The Fez

The Festival Theatre is one of Margaret Thatcher's little Scottish experiments that's still going strong. It may be called a theatre. It may look like a theatre. It is, in fact, a privatised Social Security office. Now freed from the statutory requirement to be uniformly drab and bureaucratic, private enterprise has really taken the benefit ball and dribbled.

Some corporate bright spark in the organisation realised that just because you had to wait almost fourteen days in the queue to sign on once a fortnight, that was no reason to be bored, hungry, sober or whatever. The establishment of catering and entertainment concessions on the premises has made the dole queue the place to hang out. All that was needed was the vision to start a credit voucher system allowing the punters to spend their benefit whilst waiting to claim it. The whole thing started in 1981 and some people haven't even left the building since. Children have been born there.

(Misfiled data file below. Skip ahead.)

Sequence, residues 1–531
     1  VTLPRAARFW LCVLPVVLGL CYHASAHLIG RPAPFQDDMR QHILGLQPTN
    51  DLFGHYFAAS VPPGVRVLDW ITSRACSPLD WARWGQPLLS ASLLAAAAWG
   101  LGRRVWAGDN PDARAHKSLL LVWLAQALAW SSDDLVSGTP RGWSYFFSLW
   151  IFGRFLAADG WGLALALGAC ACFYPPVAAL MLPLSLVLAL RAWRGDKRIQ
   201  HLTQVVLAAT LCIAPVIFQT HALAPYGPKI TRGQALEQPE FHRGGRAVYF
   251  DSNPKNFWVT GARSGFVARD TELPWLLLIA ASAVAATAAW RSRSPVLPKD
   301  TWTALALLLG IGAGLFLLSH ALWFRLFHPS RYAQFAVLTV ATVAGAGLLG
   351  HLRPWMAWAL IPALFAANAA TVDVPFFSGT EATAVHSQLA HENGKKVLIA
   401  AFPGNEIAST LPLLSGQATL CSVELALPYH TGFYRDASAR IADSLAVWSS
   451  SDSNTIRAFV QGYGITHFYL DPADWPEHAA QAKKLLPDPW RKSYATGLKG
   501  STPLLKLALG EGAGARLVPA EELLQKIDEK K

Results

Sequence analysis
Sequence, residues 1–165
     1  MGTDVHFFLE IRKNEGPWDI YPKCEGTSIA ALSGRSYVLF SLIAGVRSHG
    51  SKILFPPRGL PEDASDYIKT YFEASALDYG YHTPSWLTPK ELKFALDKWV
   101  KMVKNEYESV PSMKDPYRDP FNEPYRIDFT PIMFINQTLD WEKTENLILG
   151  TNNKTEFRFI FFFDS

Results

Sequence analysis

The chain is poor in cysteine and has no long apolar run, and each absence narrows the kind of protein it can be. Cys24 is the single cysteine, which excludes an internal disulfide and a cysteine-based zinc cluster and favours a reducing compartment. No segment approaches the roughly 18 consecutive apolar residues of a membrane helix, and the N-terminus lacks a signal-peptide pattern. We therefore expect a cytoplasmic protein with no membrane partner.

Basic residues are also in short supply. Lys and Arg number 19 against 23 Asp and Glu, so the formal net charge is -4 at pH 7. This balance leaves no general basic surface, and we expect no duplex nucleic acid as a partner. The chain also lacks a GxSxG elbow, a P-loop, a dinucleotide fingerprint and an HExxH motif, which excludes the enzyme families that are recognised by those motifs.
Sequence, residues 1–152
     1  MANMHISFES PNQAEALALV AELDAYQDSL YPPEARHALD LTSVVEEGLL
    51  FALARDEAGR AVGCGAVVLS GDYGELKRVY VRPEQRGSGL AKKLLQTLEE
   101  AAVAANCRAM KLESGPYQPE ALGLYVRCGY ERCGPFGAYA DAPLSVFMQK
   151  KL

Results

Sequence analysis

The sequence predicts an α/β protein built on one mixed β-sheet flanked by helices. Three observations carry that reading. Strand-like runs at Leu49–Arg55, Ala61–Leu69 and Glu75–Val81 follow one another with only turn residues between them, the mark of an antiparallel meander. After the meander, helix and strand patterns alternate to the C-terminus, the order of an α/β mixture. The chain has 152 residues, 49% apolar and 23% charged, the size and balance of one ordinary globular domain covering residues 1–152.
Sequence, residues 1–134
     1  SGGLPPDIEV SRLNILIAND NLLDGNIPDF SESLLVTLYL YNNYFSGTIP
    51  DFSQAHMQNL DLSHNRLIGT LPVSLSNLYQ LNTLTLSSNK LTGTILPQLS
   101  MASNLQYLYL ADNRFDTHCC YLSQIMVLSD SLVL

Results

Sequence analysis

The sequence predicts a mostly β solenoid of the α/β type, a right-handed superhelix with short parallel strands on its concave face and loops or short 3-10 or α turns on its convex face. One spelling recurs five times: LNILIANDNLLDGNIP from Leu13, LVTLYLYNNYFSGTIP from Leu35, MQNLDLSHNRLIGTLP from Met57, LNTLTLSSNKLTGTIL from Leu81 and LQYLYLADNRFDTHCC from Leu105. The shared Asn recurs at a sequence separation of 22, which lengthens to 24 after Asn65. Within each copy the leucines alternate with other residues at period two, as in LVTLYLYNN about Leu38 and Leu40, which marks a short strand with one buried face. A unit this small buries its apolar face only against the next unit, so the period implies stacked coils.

If you happen to find yourself in Nicolson's restaurant, tell them you're a journalist or something, and they'll give you a couple of hundred quid and not let you eat any of their food. At least, that's the only explanation I can think of for the reviews they get.

The City Restaurant may not, on the other hand, aspire to anywhere near the same degree of middle-class vacuity, but you can at least be sure of decent egg and chips. Curious milkshakes, too.

The Ayyuthaya Thai restaurant's ok. The Suruchi's popular, and I have eaten well there, but it's not my favourite Indian. The real star of this bit of Nicolson Street is Jordan Valley wholefoods. If you fancy a snack, that's the place. The shopkeeper's a real gem anol. If you can make it this far before your train goes, go in and buy lots: you can double your money and still undercut the buffet car with vastly superior produce. Down South Bridge. South on Nicolson Street. West to Nicolson Square.

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